Astros


It was on Jan. 4 when former WHL player/assistant coach Kevin Sawyer, now a broadcaster for TSN on games involving the Winnipeg Jets, related a story involving a hazing. Sawyer, then an assistant coach with the WHL’s Spokane Chiefs, talked of Saran-wrapping a 15-year-old Jared Spurgeon to a pillar in an arena. Spurgeon wsa “about six feet up in the air . . . he was tiny,” Sawyer said. “He looked like he was 12.” . . . Paul Friesen, a columnist with the Winnipeg Sun, has some questions about all of this but has discovered a cone of silence seems to have been placed over everyone involved. Friesen, however, was able to speak with Akim Aliu, who is no stranger to hazing incidents. . . . Friesen’s column is right here.



A tip of the Taking Note fedora to a pair of WHL teams — the Prince George Cougars and Victoria Royals. . . . The Cougars announced on Thursday that they now are making sensory kits available at all home games. From a news release: “In partnership with AutismBC, the Cougars have purchased sensory kits that will be loaned out to families, at no cost, that have sensory issues. The sensory kit includes protective earmuffs, colouring book, crayons, ear plugs, sunglasses, and several different fidget / stress items.” . . .

Meanwhile, the Royals, with their home city and environs hit with some ugly weather, are rewarding fans who were able to get to their Wednesday game and ticket holders who couldn’t make it with freebies for a future game. . . . The Royals announced attendances of 2,519 and 2,901 for Tuesday and Wednesday, respectively, as they swept the Tri-City Americans, 3-1 and 6-1. However, it’s believed the miserable weather limited the actual attendance at each game to much closer to 1,000 people.


Christmas


The AJHL’s Fort McMurray Oil Barons fired Bob Beatty, their general manager and head OilBaronscoach, on Tuesday. Beatty, a veteran of the junior A coaching scene, was in his first season with the Oil Barons, who were 15-27-2 and in seventh place in the North Division in what is clearly a rebuilding/reloading season. . . . Mike Brodeur and Justin Rose, the team’s assistant coaches, ran things on an interim basis for a couple of days. . . . On Thursday, the Oil Barons announced that Gord Thibodeau had returned to the organization as GM and head coach. He had filled both positions with the Oil Barons for 11 seasons (2003-14). . . . Thibodeau is the winningest coach in AJHL history, having put up number 833 in February 2017 while with the Whitecourt Wolverines. He and the Wolverines parted company shortly after he put up that victory. . . . Thibodeau also has battled non-Hodgkin’s lymphoma on four separate occasions since 1989, most recently in 2016.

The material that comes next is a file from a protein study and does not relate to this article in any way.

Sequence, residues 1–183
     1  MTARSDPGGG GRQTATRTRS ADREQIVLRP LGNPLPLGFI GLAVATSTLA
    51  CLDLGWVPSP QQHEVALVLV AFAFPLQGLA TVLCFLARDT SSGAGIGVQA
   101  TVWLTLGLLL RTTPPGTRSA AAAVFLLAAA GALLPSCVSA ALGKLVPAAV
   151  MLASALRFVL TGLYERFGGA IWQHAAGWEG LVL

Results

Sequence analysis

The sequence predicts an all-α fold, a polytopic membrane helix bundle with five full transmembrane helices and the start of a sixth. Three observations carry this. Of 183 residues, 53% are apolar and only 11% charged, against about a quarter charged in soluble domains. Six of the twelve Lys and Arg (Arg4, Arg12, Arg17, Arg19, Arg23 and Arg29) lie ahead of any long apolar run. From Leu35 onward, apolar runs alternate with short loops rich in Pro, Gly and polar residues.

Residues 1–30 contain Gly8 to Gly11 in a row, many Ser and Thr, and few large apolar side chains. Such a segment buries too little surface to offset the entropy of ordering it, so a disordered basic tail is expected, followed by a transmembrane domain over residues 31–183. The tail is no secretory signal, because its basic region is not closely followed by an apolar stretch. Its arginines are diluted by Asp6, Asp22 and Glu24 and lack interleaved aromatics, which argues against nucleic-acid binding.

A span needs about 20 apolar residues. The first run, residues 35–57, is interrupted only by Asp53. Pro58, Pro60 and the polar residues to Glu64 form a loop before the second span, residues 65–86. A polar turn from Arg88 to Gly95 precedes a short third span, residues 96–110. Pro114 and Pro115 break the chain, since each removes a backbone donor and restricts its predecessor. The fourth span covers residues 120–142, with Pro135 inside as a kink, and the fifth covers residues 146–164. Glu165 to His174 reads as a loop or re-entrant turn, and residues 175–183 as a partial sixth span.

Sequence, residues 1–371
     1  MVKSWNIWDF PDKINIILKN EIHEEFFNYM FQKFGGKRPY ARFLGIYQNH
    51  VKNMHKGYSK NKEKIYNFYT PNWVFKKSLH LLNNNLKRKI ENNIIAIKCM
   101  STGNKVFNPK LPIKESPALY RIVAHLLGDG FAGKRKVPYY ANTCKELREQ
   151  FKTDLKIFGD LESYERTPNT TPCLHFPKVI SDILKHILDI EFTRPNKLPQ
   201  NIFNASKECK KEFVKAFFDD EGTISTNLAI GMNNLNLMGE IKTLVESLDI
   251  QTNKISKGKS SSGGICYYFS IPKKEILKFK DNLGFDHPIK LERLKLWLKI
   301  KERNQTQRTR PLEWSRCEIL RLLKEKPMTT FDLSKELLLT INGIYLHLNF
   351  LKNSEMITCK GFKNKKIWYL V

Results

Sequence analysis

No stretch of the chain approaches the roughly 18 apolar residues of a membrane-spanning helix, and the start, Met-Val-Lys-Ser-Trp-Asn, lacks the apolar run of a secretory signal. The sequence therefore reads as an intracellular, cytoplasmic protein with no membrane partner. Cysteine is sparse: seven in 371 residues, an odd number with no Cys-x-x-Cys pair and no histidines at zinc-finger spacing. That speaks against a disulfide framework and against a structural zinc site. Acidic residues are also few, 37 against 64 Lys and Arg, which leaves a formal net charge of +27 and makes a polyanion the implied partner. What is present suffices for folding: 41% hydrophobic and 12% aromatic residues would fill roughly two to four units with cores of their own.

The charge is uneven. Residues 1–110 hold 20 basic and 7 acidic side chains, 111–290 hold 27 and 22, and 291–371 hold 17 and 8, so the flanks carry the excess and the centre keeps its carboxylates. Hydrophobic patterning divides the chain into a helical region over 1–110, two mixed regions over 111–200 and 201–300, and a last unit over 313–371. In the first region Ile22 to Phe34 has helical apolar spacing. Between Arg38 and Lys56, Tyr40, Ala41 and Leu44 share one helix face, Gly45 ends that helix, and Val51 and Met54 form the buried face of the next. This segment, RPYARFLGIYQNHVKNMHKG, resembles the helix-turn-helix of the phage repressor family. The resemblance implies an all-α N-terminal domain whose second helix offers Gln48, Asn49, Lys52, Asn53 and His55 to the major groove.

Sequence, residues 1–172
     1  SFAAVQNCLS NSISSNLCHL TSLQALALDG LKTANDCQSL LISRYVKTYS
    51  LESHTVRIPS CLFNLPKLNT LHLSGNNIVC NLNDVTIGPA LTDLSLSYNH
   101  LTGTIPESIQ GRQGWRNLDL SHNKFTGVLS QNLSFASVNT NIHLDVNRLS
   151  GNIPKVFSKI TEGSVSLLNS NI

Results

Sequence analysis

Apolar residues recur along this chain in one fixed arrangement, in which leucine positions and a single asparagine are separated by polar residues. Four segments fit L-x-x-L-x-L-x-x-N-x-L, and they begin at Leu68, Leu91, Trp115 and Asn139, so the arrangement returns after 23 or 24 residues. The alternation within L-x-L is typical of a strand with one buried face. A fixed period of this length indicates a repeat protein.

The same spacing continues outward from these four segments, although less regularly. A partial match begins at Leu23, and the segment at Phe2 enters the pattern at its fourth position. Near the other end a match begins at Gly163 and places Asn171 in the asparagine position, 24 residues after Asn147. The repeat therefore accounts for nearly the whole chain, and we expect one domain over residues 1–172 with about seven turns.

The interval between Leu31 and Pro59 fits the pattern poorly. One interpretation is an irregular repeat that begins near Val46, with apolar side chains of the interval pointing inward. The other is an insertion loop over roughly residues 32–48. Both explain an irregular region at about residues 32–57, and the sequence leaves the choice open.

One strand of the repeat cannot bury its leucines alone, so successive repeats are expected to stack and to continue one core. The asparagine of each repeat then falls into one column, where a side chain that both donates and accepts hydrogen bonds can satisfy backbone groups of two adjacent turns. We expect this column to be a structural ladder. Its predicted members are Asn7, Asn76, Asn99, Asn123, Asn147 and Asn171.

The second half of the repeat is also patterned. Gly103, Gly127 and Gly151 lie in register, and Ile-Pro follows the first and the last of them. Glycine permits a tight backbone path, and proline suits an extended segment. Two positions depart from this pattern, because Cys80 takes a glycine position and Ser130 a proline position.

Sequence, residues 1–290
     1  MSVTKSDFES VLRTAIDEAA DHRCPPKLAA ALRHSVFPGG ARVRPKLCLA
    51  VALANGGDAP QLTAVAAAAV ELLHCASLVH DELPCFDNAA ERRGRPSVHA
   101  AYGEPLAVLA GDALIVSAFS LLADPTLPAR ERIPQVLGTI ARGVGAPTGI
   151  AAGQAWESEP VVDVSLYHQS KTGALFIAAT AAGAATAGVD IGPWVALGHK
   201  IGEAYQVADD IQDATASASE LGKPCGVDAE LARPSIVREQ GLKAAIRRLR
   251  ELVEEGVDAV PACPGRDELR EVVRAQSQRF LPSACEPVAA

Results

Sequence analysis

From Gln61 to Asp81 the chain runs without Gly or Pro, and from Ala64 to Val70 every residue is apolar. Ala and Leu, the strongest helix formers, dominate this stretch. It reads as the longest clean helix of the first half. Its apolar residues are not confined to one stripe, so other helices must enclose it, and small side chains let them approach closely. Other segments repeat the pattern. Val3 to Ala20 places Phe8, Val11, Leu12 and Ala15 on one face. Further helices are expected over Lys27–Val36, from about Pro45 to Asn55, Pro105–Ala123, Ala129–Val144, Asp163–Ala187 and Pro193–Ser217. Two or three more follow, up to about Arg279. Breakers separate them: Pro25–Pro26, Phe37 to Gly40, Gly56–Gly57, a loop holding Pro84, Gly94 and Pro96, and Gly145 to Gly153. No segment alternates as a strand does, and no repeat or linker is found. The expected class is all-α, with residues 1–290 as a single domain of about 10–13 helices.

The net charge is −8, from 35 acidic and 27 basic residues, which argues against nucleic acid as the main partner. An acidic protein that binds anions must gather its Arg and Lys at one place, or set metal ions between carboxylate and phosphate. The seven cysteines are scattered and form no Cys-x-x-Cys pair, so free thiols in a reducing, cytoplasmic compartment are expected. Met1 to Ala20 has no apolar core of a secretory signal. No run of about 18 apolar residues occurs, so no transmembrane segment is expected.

Mike Sawatzky of the Winnipeg Free Press tweeted Wednesday that F Connor McLennon wpgicewill be out of the Winnipeg Ice’s lineup for up to eight weeks with a broken collarbone. . . . McLennon was injured Tuesday night in a 5-1 victory over the visiting Prince George Cougars. He leads the Ice in goals (21), assists (28) and points (49), all in 42 games for the East Division-leading club. . . . Interestingly, the Ice didn’t list its two 2004-born forwards — Matt Savoie and Connor Geekie — on the WHL’s weekly roster report. Savoie, who has five assists in 12 games, is out with a concussion; Geekie, pointless in seven games, has mononucleosis. . . . The Ice selected Savoie with the first overall pick in the WHL’s 2019 bantam draft, and took Geekie with the next selection.


After Seattle had its season come to an end on Sunday in Green Bay, Seahawks RB Marshawn Lynch offered some advice for young NFLers: ““It’s a vulnerable time for a lot of young dudes, you feel me? So, you feel me? Start takin’ care of y’all mentals and y’all bodies and y’all’s chicken. So, when y’all ready to, you know, walk away, you be able to do what you want to do.” . . . By chicken, of course, he meant money. . . . All of that got lots of play, and by early in the week you could visit his website (beastmode.com) and purchase hoodies and T-shirts emblazoned with “Take Care Yo’ Chicken” across the chests. . . . Yes, Lynch practises what he preaches.


Micro